Art & Photography / Culture Talks

Visions of Self, Nation and Revolution

Deutsche Börse Prize-nominated photographer Laura El-Tantawy merges the personal and the political in a photobook capturing a nation and its people in flux

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Faces of a Revolution, 2012Photography by Laura El-Tantawy, Courtesy of The Photographers' Gallery

"I don’t believe in neutrality in photography," states Egyptian photographer Laura El-Tantawy. "For me, being a part of what’s happening is very important." The happening she is referring to is the Egyptian Revolution of 2011, which forms the focus of her first photobook, In The Shadow Of The Pyramids – a tome that has consequently earned her a nomination for the prestigious Deutsche Börse Prize. Tantawy is one of four nominated image-makers flying the flag for a new kind of visual storytelling, weaving parallel narratives of selfhood and nation. Much like Tantawy’s own state of multiple belonging – she was born in England, and raised between Egypt, Saudi Arabia and the US – her photobook is her impression of the events before, during and after the events in Cairo’s Tahrir Square, but they are also an eye turned inwards. They seek identity through family histories and personal experiences – and in doing so, capture a nation grappling to find its own.

Awaiting announcement of the Prize’s winner on June 2, Tantawy reflects on the evolution of the project, the vulnerability and rewards of self-exposure, and walking the line between protestor and photographer.

On the photographer as a political participant…
"I take images spontaneously, reacting to what is happening around me. Whether it’s the fear, joy or sadness of the moment, a lot of it is about projecting my own feelings, as well as taking in the feelings that I am witnessing: a mutual process. Alternating between the roles of protestor and photographer was an inner conflict for me in many ways, but I felt like I had something to say about the images I was capturing. The idea of the neutrally observing photographer is something I don’t really believe in. When I turn my camera one way and I see something I consciously choose to either capture or not, I am making a decision according to my own interpretation of a situation; a political statement in itself. I always say that the book is about the revolution, and about Egypt, but it isn’t. It is about the revolution and Egypt from my perspective."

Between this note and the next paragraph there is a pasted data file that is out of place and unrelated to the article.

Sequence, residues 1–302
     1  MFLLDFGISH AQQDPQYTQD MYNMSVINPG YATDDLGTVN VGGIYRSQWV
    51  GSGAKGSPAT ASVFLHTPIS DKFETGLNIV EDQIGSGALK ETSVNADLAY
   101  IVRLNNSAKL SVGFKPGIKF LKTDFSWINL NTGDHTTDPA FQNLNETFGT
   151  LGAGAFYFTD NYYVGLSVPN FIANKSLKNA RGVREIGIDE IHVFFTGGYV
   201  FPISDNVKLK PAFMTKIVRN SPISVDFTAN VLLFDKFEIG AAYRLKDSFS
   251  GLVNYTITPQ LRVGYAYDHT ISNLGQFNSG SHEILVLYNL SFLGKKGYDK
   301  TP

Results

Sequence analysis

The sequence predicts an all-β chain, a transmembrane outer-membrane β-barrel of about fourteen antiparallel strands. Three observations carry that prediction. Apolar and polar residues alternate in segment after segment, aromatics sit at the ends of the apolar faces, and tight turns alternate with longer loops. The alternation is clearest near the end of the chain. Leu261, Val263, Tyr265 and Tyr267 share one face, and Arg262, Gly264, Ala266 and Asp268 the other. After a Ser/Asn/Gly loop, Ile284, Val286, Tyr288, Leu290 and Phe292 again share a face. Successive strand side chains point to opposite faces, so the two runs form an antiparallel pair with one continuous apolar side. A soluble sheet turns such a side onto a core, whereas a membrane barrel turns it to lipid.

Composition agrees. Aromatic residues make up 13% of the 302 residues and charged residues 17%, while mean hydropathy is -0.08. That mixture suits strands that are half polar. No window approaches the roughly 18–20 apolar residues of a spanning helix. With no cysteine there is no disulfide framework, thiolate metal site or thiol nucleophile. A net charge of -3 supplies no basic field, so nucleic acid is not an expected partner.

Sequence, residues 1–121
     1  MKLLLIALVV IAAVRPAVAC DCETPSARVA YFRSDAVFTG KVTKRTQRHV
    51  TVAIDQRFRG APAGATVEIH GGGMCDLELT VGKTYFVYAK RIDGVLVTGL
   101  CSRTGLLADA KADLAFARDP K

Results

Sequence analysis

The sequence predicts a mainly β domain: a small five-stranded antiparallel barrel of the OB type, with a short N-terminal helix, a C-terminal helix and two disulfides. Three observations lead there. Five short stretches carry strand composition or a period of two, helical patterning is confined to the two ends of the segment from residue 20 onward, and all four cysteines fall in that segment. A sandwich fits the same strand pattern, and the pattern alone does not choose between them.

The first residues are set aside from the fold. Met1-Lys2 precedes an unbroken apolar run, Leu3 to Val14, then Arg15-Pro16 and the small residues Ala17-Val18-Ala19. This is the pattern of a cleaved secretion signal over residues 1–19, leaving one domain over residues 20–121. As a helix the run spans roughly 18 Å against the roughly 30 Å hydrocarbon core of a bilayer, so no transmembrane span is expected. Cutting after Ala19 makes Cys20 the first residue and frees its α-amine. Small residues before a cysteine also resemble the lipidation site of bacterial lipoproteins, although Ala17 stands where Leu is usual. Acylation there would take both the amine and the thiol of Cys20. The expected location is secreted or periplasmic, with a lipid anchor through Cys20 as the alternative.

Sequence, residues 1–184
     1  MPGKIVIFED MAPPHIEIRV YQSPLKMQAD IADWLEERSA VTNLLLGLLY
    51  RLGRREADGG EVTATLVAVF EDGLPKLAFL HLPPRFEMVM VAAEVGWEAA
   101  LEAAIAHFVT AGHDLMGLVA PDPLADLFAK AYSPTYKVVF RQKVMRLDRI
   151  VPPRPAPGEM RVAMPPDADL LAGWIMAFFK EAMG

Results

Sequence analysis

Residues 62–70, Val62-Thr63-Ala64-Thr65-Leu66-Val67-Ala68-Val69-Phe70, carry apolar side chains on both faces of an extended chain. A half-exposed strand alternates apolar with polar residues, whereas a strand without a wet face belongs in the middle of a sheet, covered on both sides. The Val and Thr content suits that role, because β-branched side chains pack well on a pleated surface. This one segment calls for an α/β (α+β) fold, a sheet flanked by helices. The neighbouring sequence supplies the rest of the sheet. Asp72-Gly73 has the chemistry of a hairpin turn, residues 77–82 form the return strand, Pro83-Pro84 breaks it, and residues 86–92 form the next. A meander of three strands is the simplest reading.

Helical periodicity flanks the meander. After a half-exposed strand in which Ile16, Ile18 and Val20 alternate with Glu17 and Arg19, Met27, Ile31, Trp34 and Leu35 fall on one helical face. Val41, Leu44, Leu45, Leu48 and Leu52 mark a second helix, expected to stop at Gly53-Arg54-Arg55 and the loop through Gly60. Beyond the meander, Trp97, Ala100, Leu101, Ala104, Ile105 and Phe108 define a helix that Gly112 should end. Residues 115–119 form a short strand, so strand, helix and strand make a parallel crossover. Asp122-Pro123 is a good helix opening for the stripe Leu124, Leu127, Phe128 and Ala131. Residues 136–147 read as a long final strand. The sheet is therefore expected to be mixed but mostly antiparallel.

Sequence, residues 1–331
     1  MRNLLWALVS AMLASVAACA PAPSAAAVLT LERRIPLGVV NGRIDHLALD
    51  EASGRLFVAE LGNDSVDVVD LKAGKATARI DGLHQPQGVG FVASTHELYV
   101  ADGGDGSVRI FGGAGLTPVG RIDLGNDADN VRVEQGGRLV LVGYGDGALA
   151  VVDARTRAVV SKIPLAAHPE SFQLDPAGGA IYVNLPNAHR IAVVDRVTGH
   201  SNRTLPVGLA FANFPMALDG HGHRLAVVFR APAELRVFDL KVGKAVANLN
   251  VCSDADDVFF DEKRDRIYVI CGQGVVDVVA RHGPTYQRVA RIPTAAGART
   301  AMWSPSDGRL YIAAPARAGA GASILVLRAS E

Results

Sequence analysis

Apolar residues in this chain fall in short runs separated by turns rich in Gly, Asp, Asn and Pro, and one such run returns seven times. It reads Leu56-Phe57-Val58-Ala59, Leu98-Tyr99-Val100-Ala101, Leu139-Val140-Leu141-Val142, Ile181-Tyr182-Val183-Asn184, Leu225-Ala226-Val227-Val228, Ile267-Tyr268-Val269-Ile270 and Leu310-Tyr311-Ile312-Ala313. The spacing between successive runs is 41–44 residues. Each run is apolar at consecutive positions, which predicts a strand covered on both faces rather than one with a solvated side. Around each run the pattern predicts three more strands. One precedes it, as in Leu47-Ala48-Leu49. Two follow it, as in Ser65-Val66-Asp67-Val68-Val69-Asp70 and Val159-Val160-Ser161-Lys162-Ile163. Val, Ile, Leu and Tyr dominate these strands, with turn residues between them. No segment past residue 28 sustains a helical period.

On how In The Shadow Of The Pyramids took form…
"I think it was quite serendipitous: when I visited Egypt in 2005 in search of my own search of identity, the country was also seeking it. I didn’t have any expectations beyond personal exploration. I was using the camera and photography as an excuse to go out into the streets and engage with people; to investigate how the country was evolving and where I fit in. So, at first, it seemed to take the shape of a photo-book about daily life in Egypt, through street photography. But as the project grew, I started to photograph my own grandfather too. My own reflections, as captions, found their way in. So a tense relationship between the collective and the personal grew within the work."

On the experience of photographing the events in Tahrir Square…
"The photos I took in Tahrir Square were my first works that resonated with people to such a degree. There was no attachment to the issues in my approach to the events at Tahrir Square; as I examined what the language of my photography was, I tended to favour images strong in storytelling. Of course, Tahrir was where I felt that very strongly. I come from a family with a strong sense of politics; politics is always a part of the discussion. I myself have a strong interest in global issues, too. So Tahrir felt like a culmination of all that - everything was coming together and I really felt like we were witnessing history. I do wonder, however, if the images I choose can ever really reflect the magnitude of what was happening in that square. I felt that question more keenly than any other subject matter I had worked on until that point in my career."